Having excessive debts or unpaid bills negatively impact your credit score and hence might make it harder for you to borrow money for bigger purchases in the future, such as a house. For mortgage lending, while banks look at a variety of factors, with income being an important one, your creditworthiness will be taken into account as well. A low credit score can lead the bank to deem someone with a solid deposit and high income as not worthy of a loan – or increase the interest rate on any money lent. Ironically, of course, the higher interest rate will make it harder for that individual to pay down the debt in future.

A less talked about side effect of debt is the negative impact it can have on your mental health, with anxiety, depression, sleepless nights or drastic weight loss or gain among possible side effects. According to the Money Advice Service, one in six adults in the UK are at risk of ‘crisis debts’, with the problem most accute among renters, single parents, young adults in the 25-34 age group and parents with three or more children.

If you want help with managing your debts, visit to find out about free help available to you in your area.

Invest In A Pension Plan

As boring as it may sound, it’s important to plan for your future regardless of how old you are.

Nowadays, more and more people are dreaming of retiring early, meanwhile changes to demographics, government spending pressures and changes to how pensions are funded mean that without forward planning, many of us won’t be ‘living large’ later in life.

Most people nowadays have what’s called a defined contribution pension plan, which means that your pension is not a fixed amount – it will depend entirely on the contributions made throughout your working life by you and your employer(s).

As boring as it may sound, it’s important to plan for your future regardless of how old you are.

This money will be invested and grow over time.

The younger you are, the better off you’re likely to be if you get started. This is due to compound interest – the effect of money growing each year due to investment income (interest and dividends), which grows further in future years as income grows on income.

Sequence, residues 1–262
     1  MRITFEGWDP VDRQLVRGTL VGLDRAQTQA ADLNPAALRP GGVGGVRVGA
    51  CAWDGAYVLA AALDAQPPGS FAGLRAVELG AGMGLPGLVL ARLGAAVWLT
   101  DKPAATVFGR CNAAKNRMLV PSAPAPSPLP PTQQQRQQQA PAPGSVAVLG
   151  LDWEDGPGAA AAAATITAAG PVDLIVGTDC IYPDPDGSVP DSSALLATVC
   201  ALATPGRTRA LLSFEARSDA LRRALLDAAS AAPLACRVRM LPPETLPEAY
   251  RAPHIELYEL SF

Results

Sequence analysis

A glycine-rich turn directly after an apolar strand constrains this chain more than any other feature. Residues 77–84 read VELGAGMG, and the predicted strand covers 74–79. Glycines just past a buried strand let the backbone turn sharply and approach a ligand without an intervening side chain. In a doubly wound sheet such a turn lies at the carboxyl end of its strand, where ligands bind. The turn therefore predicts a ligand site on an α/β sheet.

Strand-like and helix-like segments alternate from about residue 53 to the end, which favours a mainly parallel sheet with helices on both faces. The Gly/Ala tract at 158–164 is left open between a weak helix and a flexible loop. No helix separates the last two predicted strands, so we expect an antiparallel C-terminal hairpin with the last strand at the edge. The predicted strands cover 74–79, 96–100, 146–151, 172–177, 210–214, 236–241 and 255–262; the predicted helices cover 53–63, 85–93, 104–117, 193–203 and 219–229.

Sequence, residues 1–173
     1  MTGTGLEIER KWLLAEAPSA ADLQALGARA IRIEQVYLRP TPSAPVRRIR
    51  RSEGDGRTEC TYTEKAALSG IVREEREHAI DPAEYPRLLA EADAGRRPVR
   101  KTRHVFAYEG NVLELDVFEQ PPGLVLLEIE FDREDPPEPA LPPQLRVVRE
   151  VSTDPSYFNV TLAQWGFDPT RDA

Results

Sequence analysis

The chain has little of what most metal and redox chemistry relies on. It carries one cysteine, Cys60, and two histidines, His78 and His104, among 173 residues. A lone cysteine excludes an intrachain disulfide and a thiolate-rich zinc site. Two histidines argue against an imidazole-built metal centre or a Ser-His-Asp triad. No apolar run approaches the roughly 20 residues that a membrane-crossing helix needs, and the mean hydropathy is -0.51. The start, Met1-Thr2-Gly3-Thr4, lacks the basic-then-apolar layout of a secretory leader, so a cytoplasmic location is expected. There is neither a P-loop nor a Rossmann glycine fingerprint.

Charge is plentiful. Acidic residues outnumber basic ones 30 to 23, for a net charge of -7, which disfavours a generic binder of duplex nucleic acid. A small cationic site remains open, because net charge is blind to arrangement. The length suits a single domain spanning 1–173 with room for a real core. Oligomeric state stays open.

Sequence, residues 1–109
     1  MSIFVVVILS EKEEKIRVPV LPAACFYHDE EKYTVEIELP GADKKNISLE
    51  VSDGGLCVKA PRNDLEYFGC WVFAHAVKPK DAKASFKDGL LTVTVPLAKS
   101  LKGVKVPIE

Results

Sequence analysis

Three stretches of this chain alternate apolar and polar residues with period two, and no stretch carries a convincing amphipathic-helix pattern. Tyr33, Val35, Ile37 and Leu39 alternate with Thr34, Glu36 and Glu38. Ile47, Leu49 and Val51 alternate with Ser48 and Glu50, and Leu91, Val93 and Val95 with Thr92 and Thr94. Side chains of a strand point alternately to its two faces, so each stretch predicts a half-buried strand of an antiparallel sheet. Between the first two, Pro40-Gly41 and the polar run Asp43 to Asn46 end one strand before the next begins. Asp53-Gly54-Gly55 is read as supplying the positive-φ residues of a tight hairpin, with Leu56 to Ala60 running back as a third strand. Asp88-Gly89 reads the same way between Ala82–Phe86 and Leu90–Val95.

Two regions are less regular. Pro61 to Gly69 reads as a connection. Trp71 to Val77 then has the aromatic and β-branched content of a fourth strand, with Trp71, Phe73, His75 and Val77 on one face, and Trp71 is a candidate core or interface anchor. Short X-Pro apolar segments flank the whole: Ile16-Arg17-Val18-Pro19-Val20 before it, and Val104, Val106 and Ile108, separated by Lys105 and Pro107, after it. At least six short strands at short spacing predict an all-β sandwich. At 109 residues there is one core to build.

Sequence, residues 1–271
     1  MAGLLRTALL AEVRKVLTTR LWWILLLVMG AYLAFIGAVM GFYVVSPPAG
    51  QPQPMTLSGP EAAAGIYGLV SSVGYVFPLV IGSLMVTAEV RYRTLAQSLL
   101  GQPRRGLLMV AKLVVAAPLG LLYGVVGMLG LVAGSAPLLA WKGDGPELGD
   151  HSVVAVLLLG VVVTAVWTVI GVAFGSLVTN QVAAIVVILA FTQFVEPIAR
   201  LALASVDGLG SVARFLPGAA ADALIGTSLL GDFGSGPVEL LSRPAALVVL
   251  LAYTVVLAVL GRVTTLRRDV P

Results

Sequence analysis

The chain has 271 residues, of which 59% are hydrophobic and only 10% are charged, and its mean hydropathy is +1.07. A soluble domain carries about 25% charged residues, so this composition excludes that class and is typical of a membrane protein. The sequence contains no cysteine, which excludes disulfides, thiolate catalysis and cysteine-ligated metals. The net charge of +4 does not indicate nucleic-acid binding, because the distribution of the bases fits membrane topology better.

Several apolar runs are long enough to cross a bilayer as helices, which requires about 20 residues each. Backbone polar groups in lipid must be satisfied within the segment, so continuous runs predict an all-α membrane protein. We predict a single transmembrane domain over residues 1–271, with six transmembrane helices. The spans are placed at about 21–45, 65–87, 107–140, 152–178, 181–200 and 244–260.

The longer this effect has to work its magic, the more your money is likely to grow by the time you need to draw on it.

If you’re employed, aged between 22 and state pension age (68 if you’re 30 today) and earning over £10,00 annually your employer is legally obliged to contribute to your pension plan. As of April 5 2019, minimum employer contributions went up to 3% of pensionable earnings (the calculation of this depends on your individual scheme) and individual contributions rose to 5%. If you qualify for a UK State Pension, you can get up to £168.60 extra from the government under current rules. This obviously isn’t much and cannot be relied upon as rules may change over time.

Currently, the average pension pot for women aged 65 is £35,000. This is one fifth the size of the average man’s. The scary thing is that even this higher amount may not be enough for many people to live comfortably in their old age. See How To Retire Early In The UK: 9 Essential Tips for tips on saving for retirement.

Invest In Yourself – Focus On Your Health & Upskilling

These are (hopefully) no-brainers. The healthier you are, the fewer medical bills you are likely to have to pay for avoidable illnesses and conditions.

By healthier we mean eating less sugar, drinking less alcohol and generally having a well-balanced diet, while exercising regularly. Some life insurance companies are going so far as to reward members that exercise more by lowering the premium in exchange for completing certain activities.

Meanwhile, the better educated you are, the better your chances of a well-paid job, a career change or a side hustle.

This does not need to be formal education – it can be skills learned through workshops, online courses and even knowledge picked up through podcasts!

A number of online course providers have grown in popularity in recent years, offering short courses and even university-level degrees at a fraction of the cost, taught by leading academics around the world.

Investing in yourself will help you keep a relevant and sought-after skill set and keep you employable, at a good wage or salary.

Natacha Blackman
About author

Natacha Blackman has 8 years of experience in financial services across research, trading and sales at global investment banks. While working as a publishing research analyst, she covered European bank credit and advised institutional clients on investment strategies at both Morgan Stanley and Societe Generale. Natacha has passed all three levels of the CFA (Chartered Financial Analyst) programme.